Temple of Minerva in Ægina (formerly called Jupiter Panhellenius)
CAT 16. J. C. Bentley after Copley Fielding. Temple of Minerva in Ægina, formerly called Jupiter Panhellenius. In Christopher Wordsworth, Greece: Pictorial, Descriptive, and Historical. London: William S. Orr, 1844. Melville Memorial Room, Berkshire Athenaeum.
In Melville’s copy of Wordsworth’s Greece, J. C. Bentley’s full-page steel engraving of Copley Fielding’s Temple of Minerva at Ægina (facing p. 63) was accompanied by a full-page steel engraving of F. Arundale’s nearer view of the same temple (facing p. 118). The white marble columns in Fielding’s Temple of Minerva are made whiter by the shadows in the foreground and brighter by the placid white sails of the boats in the gulf. Similar white sails enhance the harmony of Arundale’s nearer view of the same temple in Melville’s copy of Wordsworth’s Greece. Melville provided similarly contrasting views of the “warmly white” columns of the Parthenon (“Seen aloft from afar” and “Nearer viewed”) in his poem “The Parthenon” (NN PP 302).
Fielding’s distant view of the temple at Aegina in Melville’s framed print is a perfect visual analog, in mood as well as subject, to Melville’s poetic depiction of the temple at Sunium in the opening stanza of “Off Cape Colonna”:
Aloof they crown the foreland lone, From aloft they loftier rise— Fair columns, in the aureola rolled From sunned Greek seas and skies They wax, sublimed to fancy's view A god-like group against the blue. (NN PP 306)
In Melville’s day, the temple at Sunium, like the one across the Saronic Gulf at Aegina, was thought to have been dedicated to Minerva. A small woodcut of that temple is labeled as such in his copy of Wordsworth’s Greece (p. 128). Melville is also likely to have been aware of the steel-plate engraving of Turner’s Temple of Minerva, Cape Colonna that Edward Finden published in his Landscape Illustrations to the Life and Works of Lord Byron in 1832 (reproduced in Wallace, “’Aloof’ and ‘Aloft,’” fig. 2).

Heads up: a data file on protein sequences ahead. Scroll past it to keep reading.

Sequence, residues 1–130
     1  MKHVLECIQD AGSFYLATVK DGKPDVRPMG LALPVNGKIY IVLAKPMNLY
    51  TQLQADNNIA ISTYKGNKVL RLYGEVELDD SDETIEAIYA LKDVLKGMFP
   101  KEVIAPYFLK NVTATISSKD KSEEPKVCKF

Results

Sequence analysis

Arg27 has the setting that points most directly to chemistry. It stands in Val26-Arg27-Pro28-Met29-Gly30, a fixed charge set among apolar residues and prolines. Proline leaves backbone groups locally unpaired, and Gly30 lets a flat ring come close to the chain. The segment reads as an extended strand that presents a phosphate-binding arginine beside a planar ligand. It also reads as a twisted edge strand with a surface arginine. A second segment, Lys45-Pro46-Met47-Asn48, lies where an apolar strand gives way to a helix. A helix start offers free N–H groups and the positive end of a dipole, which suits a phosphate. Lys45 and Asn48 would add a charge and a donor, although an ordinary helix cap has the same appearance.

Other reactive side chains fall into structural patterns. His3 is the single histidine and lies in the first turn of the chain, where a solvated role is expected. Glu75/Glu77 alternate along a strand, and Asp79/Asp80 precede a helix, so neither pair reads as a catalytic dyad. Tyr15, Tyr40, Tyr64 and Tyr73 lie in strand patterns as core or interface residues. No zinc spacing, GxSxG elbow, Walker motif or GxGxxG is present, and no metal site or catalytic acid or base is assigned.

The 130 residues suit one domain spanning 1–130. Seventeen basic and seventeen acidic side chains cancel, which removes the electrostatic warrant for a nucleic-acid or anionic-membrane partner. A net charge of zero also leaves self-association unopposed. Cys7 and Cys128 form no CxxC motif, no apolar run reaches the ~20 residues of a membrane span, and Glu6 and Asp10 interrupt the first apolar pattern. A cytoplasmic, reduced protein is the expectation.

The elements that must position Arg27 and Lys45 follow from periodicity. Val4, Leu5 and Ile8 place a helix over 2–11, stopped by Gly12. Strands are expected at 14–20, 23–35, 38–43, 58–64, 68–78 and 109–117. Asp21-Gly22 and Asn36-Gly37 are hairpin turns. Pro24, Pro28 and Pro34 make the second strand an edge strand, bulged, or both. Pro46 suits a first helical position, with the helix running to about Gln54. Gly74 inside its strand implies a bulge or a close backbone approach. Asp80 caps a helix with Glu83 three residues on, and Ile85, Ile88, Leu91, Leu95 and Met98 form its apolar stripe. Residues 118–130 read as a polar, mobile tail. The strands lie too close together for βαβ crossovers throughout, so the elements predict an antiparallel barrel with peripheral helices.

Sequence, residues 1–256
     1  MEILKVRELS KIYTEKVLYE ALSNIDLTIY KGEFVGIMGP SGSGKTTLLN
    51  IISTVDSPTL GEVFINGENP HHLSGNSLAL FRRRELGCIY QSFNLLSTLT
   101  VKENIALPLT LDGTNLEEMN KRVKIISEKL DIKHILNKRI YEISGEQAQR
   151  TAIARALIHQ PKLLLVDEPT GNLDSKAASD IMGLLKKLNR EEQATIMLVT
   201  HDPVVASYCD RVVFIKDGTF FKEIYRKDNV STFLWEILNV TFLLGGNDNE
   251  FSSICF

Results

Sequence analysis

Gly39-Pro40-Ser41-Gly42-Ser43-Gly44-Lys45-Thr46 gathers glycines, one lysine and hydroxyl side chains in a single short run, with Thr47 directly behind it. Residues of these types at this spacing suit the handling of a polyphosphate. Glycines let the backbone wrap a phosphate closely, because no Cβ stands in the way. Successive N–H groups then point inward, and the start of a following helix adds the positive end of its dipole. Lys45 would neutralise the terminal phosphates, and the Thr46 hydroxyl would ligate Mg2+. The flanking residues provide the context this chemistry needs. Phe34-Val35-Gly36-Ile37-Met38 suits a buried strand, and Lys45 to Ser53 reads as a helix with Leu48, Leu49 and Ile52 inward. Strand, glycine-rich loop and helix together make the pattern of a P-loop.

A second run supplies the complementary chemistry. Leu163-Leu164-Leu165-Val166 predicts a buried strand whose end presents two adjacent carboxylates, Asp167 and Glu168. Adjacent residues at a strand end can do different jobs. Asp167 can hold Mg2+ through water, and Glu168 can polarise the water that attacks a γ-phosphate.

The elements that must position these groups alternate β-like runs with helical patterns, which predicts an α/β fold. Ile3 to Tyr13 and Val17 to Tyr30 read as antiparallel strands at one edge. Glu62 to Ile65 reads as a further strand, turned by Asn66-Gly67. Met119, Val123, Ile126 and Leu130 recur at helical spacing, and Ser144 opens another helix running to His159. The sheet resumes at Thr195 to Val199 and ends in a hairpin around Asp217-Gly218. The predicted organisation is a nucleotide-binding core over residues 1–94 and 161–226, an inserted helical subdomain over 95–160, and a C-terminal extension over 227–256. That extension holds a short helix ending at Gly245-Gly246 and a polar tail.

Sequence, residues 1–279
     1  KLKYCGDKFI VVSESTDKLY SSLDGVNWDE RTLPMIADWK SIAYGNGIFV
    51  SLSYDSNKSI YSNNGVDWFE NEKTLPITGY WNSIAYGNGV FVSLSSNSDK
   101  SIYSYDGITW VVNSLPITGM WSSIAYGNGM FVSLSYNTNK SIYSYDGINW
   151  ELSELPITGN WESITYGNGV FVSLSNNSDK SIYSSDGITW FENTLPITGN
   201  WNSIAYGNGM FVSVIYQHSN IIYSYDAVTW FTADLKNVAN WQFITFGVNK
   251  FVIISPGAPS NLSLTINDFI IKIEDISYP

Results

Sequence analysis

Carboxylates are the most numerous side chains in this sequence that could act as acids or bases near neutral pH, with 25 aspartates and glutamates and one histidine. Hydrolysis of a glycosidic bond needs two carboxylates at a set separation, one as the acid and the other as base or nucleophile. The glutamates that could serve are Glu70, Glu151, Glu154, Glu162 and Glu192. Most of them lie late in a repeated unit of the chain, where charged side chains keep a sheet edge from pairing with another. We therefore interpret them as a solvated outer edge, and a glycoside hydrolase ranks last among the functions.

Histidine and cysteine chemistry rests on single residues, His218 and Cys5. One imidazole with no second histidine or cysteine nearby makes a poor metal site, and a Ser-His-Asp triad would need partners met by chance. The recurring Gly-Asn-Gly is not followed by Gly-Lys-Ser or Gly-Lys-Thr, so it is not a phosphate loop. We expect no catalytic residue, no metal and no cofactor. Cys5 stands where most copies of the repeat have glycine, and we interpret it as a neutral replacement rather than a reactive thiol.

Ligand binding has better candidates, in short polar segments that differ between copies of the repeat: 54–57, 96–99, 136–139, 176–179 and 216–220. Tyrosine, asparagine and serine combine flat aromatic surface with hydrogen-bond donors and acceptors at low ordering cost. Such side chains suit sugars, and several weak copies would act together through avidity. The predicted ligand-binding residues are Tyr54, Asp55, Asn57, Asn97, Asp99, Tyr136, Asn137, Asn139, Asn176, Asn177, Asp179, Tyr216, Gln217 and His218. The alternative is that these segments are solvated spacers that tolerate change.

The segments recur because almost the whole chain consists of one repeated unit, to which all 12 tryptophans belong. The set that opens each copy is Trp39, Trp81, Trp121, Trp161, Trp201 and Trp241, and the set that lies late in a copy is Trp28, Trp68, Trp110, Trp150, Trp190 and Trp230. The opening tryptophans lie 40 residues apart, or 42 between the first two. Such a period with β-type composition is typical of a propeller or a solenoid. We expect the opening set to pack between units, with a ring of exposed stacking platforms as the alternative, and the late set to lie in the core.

For a pictorial equivalent of the second stanza of Melville’s Cape Colonna poem—in which those “god-like” columns serenely “saw / The wolf-waves board the deck, / And headlong hull of Falconer, / And many a deadlier wreck”—one must turn to Turner’s nearer view of the Temple of Minerva Sunias, Cape Colonna, engraved by J. T. Willmore in 1856. Turner’s image shows the hull sinking into the sea beyond the gaze of the “god-like” columns (see fig. 3 in “’Aloof’ and ‘Aloft’”).
Rolfe, the Melville-like quester in Clarel, is temperamentally attuned to the spiritual challenge embodied by the contrasting stanzas of “Off Cape Colonna.” He is introduced in canto 31 by a comparison between his forehead and Sunium’s temple:
A marble brow over face embrowned: So Sunium by her fane is crowned. One read his superscription clear— A genial heart, a brain austere—
The narrator then mentions “the daedal life in boats and tents” by which Rolfe has “supplemented Plato’s theme” (NN C 1.31.11-14, 19-20).
Copley Fielding (1787-1855) was a leader of England’s Society of Painters of Water Colours through much of his adult life. J. M. W. Turner had exhibited contrasting views of the Temple at Ægina of Jupiter Panhellenius, in the Island of Ægina at London’s Royal Academy in 1816. For Melville's engraving of an ancient Greek coin from Ægina, see CAT 1, figure 4. For his ancient Greek coin depicting the helmeted Athena (Minerva), see CAT 1, figure 6.